Last week, ESI reported that Songas had issued an official warning, which stated that it intends to hold operations at Ubungo power plant due to Tanzania Electric Supply Company (Tanesco) owing the firm $90 million gathered in arrears over a period of four years.
Ubungo power plant requires money to operate
Speaking to local media East African Business Week, Songas managing director Nigel Whitaker said the power switch-off threat was a strategy to push for prompt settlement of the long-standing arrears by Tanesco.
“We are currently pressing hard for TANESCO to settle the debt because we also need the funds to enable us to meet some of the costs, including settling of an outstanding debt of $30 million that we owe Tanzania Petroleum development Corporation (TPDC),” Whitaker said.
“Over the past few months, TANESCO, the Ministry of Energy and Minerals and Songas have been trying to reach a solution on how to pay the arrears over time.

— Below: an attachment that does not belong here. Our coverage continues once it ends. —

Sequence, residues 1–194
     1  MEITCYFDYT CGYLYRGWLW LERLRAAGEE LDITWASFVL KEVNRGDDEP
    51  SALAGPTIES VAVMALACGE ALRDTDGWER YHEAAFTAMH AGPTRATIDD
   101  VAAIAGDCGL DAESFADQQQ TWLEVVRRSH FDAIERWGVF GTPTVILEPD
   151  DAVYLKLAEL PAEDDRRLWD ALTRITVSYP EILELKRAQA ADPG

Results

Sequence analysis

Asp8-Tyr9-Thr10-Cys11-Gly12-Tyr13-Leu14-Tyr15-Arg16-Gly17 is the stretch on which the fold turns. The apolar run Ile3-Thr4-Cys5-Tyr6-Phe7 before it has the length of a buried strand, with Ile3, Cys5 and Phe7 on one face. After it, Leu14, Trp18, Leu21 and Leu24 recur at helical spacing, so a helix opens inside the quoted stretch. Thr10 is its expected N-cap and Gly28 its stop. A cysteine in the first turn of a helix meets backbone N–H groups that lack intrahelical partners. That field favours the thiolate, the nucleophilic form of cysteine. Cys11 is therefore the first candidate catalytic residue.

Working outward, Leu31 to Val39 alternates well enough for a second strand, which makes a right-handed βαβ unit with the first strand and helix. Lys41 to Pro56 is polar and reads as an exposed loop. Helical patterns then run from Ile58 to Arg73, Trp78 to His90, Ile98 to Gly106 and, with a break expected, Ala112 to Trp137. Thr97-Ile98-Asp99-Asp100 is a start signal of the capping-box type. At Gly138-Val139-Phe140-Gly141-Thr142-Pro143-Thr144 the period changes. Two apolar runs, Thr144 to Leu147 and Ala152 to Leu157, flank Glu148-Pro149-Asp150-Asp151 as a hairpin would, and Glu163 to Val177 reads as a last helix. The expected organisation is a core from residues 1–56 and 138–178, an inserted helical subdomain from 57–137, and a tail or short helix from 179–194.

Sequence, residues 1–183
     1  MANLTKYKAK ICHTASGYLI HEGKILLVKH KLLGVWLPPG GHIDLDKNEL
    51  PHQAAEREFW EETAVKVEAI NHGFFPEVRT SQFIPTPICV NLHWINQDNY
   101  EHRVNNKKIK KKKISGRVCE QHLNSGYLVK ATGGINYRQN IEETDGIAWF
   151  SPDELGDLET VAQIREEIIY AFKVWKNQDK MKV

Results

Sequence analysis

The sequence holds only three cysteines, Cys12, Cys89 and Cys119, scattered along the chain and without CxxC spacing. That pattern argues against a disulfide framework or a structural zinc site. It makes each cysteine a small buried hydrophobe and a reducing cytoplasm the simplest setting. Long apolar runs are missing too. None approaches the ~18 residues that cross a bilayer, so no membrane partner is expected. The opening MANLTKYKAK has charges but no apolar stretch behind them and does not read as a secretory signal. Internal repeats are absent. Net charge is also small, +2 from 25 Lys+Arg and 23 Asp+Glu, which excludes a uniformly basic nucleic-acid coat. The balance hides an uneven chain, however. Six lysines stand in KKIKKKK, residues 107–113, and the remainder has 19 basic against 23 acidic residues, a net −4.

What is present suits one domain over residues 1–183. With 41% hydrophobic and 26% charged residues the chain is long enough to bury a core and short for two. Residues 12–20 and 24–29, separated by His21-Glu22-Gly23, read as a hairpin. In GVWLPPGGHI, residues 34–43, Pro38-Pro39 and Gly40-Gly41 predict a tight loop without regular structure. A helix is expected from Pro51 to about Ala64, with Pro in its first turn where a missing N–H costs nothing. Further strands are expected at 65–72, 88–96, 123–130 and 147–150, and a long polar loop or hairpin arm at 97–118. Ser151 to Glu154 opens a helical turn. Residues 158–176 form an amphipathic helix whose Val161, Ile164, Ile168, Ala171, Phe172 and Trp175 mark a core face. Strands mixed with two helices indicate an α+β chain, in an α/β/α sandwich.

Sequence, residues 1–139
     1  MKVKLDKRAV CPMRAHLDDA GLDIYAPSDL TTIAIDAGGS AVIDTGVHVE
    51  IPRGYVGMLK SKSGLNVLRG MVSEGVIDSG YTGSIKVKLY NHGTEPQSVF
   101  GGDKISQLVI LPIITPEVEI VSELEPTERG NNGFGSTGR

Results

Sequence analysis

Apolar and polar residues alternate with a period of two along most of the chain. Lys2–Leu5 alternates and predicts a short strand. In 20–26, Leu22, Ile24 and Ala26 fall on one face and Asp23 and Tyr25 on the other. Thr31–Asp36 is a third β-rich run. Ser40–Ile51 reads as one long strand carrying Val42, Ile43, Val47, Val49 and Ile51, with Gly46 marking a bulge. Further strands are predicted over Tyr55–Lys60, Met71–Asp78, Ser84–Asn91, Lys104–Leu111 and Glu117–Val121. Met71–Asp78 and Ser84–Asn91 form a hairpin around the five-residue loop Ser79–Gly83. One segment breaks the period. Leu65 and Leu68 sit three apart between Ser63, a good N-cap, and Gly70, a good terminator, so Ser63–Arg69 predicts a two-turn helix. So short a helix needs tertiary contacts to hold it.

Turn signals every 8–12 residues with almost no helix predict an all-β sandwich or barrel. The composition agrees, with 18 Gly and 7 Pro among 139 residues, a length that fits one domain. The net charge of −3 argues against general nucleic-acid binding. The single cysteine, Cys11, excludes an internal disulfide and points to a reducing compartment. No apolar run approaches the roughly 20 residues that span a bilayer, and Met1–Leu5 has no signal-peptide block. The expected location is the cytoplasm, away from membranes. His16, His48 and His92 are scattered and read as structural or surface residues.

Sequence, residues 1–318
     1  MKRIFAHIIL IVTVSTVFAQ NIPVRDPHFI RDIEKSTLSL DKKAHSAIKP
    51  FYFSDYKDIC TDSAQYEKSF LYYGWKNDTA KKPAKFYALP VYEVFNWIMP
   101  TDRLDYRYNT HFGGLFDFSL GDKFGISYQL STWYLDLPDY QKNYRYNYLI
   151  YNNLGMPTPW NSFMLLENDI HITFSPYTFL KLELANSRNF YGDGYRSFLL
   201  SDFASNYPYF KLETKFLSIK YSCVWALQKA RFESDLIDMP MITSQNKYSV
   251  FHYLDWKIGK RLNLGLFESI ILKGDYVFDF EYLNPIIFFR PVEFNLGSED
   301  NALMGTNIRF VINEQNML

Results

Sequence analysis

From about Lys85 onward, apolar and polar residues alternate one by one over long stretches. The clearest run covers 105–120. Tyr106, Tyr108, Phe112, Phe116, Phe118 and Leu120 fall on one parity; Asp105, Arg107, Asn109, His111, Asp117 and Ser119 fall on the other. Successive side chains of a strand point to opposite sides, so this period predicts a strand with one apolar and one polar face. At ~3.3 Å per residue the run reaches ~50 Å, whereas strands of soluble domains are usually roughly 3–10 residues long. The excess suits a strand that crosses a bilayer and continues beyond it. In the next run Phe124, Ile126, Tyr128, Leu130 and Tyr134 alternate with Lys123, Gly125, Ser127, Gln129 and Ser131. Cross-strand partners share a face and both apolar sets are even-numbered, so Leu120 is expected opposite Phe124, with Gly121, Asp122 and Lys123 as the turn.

“Whilst TANESCO has been making some weekly payments to Songas to deal with some of the current month’s electricity charges, the arrears continue to grow and Songas’ operations are therefore again at risk,” Songas stated.
On the other hand, the company said it will continue to discuss with both Tanesco and the government to find a solution.
“We will continue to pursue meetings and discussions with both TANESCO and the government of Tanzania to remedy this situation. Songas remains hopeful that the government will seriously and immediately address the arrears so Songas can continue providing its services to Tanzanian electricity consumers,” Whitaker said.
No load shedding yet
Previously Tanesco’s managing director, Engineer Felchesmi Mramba, responded to Songas’ threat, he said: “Songas had made a great mistake by revealing terms of the contract between the two parties to the media. It is true that we owe Songas, but not the amount they have stated.”
However, Mramba failed to mention the actual amount, noting that by doing so he will be revealing terms of the contract.
He added that Songas is trying to impose fear on the public and at the same time tarnish the image of the government and Tanesco. “They have so far shut down 81% of their power plants but there haven’t been power shortages,” he said.